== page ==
A humongous adventure
Brainy Gamer Podcast - Episode 42

The games we deserve


What is a good man but a bad man's teacher? 
What is a bad man but a good man's job?
If you don't understand this, you will get lost, however intelligent you are.
                --Tao Te Ching, ch. 27

We hear it said that games need to grow up, but when I look at the fractious, often hateful community surrounding them, I wonder if that's likely. I've written about this before, dating back to '08, and have always seen reasons for hope. Now I'm not so sure. I think we're getting worse, not better.

When we pillory critics for saying hard but true things; when our leaders who've championed inclusiveness issue (and defend) bigoted remarks; when we plod from one spiteful spat to the next, played out (performed, really) in online forums and social media with all the requisite snark and ad hominem attacks, it's worth asking what kind of audience are we? When we're persistently, thoughtlessly cruel to each other, aren't we getting the thoughtlessly brutal games we deserve?

I'm purposefully using "we" and "us" here because that's the unavoidable reality of our circumstances. Like it or not, the world is always we. It can never be otherwise. In our case, we all care about games. We all want a healthy thriving industry, indie to AAA. We all want to feel respected and free to be ourselves. We all want to have fun. Why is that so hard?

We have many new ways to communicate, but our powerful tools have outpaced our abilities to harness them responsibly. It's just so easy to be mean. Compassion and empathy are much harder, and their results are often inconclusive. When you launch a missile that hits its target, you get a big conspicuous result, and it feels good. Then it escalates, destruction ensues, and nothing remotely positive emerges from the rubble. Rinse and repeat.

We've got to stop it. Forget about altruism. If politeness and respectful behavior don't float your boat, then do it for the games. If you want the game industry to treat us like discerning adults with wide-ranging tastes, then stop acting like a bunch of selfish entitled brats. If you want games to grow up, then learn how responsible grownups behave.

What does that mean? Here's a set of tools drawn from my experience as a teacher, informed by conflict resolution principles that work. I offer them humbly, not as cure-all prescriptions or to censor ideas or points of view. They're merely tools to help build and preserve an environment for productive, respectful communication. Try them. Modify them. Whatever works.

  • The initial goal is increased understanding. Resolving conflict requires a genuine awareness of points of view. We may decide to disagree (even vehemently), but we must first seek to clearly understand each other.

  • Avoid the temptation to make another person look foolish, even when he clearly "steps in it" or "deserves it." Nothing degrades communication faster than an attack designed to humiliate.

  • Talk to each other, not to the crowd. I realize this requires a constructed approach that ignores the public nature of Twitter, forums, etc., but if you can avoid "performing" a conversation for onlookers, you're more likely to build honest, personal communication. Taking it offline is always an option too.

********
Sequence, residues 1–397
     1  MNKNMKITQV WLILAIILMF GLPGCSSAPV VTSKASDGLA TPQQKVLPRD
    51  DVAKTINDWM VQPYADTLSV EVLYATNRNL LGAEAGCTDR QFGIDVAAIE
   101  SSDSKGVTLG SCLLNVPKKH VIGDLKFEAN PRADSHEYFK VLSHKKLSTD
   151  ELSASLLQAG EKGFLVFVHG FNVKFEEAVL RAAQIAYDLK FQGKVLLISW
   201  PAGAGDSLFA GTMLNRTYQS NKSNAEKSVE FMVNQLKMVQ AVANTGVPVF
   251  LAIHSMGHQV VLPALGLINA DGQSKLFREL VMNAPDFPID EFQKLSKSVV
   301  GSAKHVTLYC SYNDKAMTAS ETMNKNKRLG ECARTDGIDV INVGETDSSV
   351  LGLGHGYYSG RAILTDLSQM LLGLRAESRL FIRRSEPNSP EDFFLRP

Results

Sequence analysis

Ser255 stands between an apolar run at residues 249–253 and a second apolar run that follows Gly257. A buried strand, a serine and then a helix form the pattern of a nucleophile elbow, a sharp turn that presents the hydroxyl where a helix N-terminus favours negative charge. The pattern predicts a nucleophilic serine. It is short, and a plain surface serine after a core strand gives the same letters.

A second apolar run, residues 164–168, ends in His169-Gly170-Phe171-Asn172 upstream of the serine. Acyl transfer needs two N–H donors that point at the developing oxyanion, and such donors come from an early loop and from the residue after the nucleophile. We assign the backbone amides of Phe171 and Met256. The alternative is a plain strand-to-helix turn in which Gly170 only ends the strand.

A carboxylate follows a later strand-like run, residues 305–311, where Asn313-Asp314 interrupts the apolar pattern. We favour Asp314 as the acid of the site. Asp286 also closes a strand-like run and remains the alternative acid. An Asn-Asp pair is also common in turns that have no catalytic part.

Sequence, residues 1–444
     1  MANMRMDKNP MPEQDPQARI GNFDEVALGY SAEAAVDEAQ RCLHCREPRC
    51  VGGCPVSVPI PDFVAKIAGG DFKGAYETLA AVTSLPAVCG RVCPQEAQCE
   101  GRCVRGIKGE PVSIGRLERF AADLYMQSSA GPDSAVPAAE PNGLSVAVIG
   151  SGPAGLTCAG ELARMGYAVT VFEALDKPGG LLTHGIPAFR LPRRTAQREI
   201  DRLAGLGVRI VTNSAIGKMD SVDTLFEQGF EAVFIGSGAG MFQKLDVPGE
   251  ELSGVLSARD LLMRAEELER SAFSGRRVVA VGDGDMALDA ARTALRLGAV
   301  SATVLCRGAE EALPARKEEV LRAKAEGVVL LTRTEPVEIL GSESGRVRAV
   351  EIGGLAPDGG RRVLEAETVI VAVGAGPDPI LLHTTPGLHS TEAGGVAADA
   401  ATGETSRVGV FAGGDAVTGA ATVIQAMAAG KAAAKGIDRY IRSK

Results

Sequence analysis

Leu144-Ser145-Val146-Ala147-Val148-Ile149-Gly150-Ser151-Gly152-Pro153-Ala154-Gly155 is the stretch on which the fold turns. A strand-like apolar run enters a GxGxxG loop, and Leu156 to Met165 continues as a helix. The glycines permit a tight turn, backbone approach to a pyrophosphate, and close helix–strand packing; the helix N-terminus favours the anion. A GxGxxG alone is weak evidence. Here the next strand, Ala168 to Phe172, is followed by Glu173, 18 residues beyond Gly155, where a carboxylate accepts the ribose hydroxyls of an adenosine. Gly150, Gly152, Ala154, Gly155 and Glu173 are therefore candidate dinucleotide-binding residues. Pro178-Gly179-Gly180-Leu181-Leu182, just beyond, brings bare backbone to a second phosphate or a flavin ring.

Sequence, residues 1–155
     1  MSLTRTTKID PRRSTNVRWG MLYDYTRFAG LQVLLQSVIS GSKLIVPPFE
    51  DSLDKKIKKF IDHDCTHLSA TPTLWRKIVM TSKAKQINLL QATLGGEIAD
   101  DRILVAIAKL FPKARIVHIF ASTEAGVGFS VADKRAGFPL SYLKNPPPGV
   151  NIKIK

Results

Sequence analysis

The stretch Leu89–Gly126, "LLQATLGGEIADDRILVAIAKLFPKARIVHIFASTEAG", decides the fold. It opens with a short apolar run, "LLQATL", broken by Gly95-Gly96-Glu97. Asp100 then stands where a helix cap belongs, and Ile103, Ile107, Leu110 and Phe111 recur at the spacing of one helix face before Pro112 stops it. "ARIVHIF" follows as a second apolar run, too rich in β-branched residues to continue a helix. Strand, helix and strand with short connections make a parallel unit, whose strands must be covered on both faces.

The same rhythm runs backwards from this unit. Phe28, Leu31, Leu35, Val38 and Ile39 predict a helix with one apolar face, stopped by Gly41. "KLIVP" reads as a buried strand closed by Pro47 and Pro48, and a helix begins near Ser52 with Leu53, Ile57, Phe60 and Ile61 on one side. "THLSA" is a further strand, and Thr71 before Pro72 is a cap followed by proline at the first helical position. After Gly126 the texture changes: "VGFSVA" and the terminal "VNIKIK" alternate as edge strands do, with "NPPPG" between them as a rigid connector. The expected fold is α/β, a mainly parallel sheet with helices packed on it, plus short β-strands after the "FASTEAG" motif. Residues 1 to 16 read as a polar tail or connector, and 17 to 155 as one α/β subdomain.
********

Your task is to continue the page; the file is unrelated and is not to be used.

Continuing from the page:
• Focus on needs, not positions. When we say "don't take it personally," we ignore how identity is inextricably tied to beliefs and needs. Find out what the other person needs; let her explain why that matters; then honor that.

  • Be hard on the problem, soft on the person. We can attack an issue vigorously, but attacking each other (even when we feel provoked) seldom produces anything positive. Kindness is disarming. It can open doors that appear sealed shut. At worst, kindness allows one to walk away from a failed exchange without feeling that you made it worse.

  • Improve your self-knowledge. Every difficult exchange is an opportunity to examine your own beliefs and goals carefully. You may decide to adjust your thinking based on information received, or you may simply learn to better articulate your views to others. Be open and be willing to learn. Humility doesn't imply weakness or capitulation.

  • If you can manage it, let some accusations, threats, or attacks pass. I'm not suggesting you become somebody's punching bag. But if you accept the notion that most ugly behavior comes from a place of darkness or suffering, maybe you can overlook an attack and reach out to your attacker.

  • Persuasion isn't a win/lose state. Focus on being partners, not opponents. If you want to prove the legitimacy of your position, persuasion works better and lasts longer than rhetorically crushing your opponent. In our community, we might rally around the question, "Is this idea, statement, attitude, etc. likely to produce better games or a healthier community?" If the answer is no, jettison it. Everything we do and say models behaviors others will adopt.

I suppose everything I've written here boils down to "be good to each other," and I realize how simple-minded that sounds. Some people want to foster belligerent discord, and maybe there's little we can do to stop them. But most of the online hostility that I see occurs among people who might otherwise find much to love in each other. Maybe the simple tools I'm offering can help us live more peacefully in that place.

Addendum: Shortly after I posted, Gabe at Penny Arcade (referenced in the second paragraph above) issued an apology. You can read his remarks here.